Do we need midterms?

Instead of preparing for the winter holidays and enjoying the last few weeks of school before winter break, Carrollwood Day School students are stuck studying for midterms. Midterm exams aren’t worth the stressful days and sleepless nights.
High school students should be getting eight to ten hours of sleep nightly. As the National Sleep Foundation finds, students not only spend less time sleeping, but they also engage in unhealthy sleeping habits such as pulling all-nighters or sleeping in the day-time during midterm week. Many students cram to study for these tests, and as The Washington Post finds, prior knowledge is at a higher risk of being forgotten as a byproduct of cramming. It leads to late nights and early mornings, which typically results in an increase in the usage of stimulants, such as caffeine, which increases anxiety and causes restlessness. In addition, students have a higher exposure to their electronics, many using laptops and iPads to study notes posted online by teachers or complete online assignments. However, the brain interprets the blue light emitted as sunlight, disrupting their circadian rhythms and keeping them awake.

There is also unnecessary stress added; if a student does poorly on the exam, there is nothing left to do. Exam grades are posted after the semester ends, leaving students stuck with their grades and no agency to self-advocate.
As the first semester comes to a close, students are inundated with review packets and crammed study sessions, only a week before the exams to prepare. According to State News, some students refuse to take breaks from studying as they view it as a waste of time. This is unhealthy for obvious reasons. People, especially students, need breaks to stay focused and avoid burnout.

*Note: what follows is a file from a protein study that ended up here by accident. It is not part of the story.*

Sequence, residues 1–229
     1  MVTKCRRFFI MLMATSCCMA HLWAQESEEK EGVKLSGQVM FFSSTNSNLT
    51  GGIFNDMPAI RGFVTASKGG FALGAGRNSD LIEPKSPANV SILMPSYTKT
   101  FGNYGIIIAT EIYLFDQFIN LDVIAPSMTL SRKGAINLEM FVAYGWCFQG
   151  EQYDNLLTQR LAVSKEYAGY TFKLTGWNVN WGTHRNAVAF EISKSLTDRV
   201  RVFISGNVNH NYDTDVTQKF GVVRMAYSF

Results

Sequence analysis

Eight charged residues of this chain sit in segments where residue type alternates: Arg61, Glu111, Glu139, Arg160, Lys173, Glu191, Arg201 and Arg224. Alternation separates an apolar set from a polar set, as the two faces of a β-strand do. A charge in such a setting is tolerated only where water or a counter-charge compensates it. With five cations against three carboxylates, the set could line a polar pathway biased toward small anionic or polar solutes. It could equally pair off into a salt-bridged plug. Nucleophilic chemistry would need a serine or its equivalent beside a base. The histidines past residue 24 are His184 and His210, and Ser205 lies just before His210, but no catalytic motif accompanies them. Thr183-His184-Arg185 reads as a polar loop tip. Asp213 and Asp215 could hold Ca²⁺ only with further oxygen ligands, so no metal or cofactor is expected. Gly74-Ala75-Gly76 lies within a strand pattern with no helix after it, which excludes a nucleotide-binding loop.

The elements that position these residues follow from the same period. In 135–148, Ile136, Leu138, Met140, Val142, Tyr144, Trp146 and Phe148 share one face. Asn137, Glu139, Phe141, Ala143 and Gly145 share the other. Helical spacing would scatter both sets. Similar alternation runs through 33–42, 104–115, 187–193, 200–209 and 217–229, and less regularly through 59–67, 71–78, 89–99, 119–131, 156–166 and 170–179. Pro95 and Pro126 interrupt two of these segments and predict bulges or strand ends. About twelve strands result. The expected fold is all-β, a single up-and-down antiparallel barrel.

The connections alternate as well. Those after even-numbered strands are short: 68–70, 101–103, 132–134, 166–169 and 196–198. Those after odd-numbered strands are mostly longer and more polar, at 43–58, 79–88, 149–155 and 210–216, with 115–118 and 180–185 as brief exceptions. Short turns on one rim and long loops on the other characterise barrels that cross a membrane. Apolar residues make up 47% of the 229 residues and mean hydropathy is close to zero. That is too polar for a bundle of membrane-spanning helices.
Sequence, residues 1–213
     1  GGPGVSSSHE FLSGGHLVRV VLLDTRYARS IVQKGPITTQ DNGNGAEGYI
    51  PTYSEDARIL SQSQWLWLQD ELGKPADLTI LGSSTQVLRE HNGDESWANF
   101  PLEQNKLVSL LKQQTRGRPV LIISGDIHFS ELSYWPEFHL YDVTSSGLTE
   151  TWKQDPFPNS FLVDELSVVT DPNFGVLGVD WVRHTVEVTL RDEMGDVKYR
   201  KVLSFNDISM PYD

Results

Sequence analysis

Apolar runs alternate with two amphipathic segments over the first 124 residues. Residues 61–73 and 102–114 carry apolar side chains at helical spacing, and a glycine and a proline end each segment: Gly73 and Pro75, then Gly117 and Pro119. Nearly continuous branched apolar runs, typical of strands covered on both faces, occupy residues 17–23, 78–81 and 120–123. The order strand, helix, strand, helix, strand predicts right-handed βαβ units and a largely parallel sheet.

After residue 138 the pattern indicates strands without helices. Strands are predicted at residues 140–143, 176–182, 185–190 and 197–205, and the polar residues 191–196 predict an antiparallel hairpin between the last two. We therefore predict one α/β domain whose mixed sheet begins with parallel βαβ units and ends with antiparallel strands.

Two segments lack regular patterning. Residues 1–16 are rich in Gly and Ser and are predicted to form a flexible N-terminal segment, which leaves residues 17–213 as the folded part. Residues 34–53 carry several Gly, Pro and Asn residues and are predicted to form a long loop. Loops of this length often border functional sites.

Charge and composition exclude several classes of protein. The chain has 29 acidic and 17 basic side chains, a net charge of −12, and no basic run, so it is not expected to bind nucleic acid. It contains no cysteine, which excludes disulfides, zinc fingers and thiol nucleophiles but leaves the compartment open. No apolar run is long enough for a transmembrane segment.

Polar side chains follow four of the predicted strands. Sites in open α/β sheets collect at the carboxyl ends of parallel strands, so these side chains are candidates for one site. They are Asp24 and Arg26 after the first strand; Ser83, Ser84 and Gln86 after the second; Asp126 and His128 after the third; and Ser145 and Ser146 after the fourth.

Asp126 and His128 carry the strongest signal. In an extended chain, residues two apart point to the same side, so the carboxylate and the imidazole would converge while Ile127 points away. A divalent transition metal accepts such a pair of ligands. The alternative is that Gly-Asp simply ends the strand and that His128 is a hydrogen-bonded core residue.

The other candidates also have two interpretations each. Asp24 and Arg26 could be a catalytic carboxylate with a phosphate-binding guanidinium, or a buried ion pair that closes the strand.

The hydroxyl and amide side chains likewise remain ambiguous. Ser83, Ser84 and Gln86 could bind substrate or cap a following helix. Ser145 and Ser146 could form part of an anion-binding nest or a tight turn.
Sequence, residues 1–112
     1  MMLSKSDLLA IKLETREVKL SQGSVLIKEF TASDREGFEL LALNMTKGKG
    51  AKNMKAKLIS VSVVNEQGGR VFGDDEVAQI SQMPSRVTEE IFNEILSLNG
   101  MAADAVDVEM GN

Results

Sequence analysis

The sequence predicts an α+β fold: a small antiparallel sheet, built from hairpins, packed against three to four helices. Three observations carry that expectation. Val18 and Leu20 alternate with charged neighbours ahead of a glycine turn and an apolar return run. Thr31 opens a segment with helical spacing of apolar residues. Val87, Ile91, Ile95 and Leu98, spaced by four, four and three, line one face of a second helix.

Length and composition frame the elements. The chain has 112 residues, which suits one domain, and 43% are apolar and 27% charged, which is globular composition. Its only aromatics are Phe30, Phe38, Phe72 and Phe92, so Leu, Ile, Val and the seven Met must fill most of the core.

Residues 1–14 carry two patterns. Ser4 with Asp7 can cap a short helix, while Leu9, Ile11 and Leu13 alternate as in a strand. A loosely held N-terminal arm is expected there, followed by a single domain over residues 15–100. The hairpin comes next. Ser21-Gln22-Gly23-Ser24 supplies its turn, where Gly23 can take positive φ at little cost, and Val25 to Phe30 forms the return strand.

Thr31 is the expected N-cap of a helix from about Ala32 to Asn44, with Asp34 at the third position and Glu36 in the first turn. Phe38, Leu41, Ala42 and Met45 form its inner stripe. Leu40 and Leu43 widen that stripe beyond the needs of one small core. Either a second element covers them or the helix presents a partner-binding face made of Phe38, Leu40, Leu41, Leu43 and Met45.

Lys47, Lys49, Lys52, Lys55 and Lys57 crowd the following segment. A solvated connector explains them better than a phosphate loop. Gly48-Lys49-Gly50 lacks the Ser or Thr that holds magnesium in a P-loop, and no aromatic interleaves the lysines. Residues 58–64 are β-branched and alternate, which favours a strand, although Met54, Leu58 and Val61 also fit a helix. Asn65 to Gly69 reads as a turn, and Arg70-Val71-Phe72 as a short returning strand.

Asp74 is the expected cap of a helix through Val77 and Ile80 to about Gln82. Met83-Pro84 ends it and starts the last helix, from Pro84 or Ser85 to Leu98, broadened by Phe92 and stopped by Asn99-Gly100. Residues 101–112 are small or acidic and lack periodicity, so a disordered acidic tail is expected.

And I’ll say it, because we’re all thinking it – expecting students to retain information from August is unfair. These tests determine a student’s test-taking ability and memorization skills, not their understanding of the material, which is tested throughout the year. Memorization of material taught over four months only for it to be forgotten afterward is pointless. Midterms usually require students to recall content from the start of the school year to lessons from the previous week, all of which has been spaced out and tested in smaller units. Midterms change the previous content pacing, and this change is unfair to students who have become accustomed to the regular pacing of the course. Throughout the semester, students take unit summative and formative assignments to assess progress, and the students who understand the material and study tend to do well on each test. Therefore, taking a cumulative assessment doesn’t tell the teacher any new information. However, having students who aren’t necessarily doing well in a subject take a midterm exam, can show teachers progress and improvement.

While midterms are helping to de-sensitize students to test-taking, especially in preparation for the IB exams in senior year, they are not fully representative of the IB testing environment. The IB exams are held off campus at a completely new environment – a congregation center. Midterms, however, are held in the classroom of the class. IB exams also have multiple proctors and follow specific testing guidelines. Teachers could implement testing in new locations and having multiple proctors during regularly scheduled summative assessments, and transition this method to midterms and finals in higher grade levels. Students can mimic what IB exams feel like through this.
As a student, it seems obvious and almost expected to have negative opinions about midterms. To put it simply: they are ineffective and pointless. They allow no room for real-life application; they make students rememorize material just for it to be forgotten the next day. The stress caused by these tests can have negative impacts on our health, increasing anxiety and agitation. Overall, the negative consequences of midterm exams outweigh the outcome. Midterm exams, especially in lower grade levels, do not help students gain confidence in these subjects.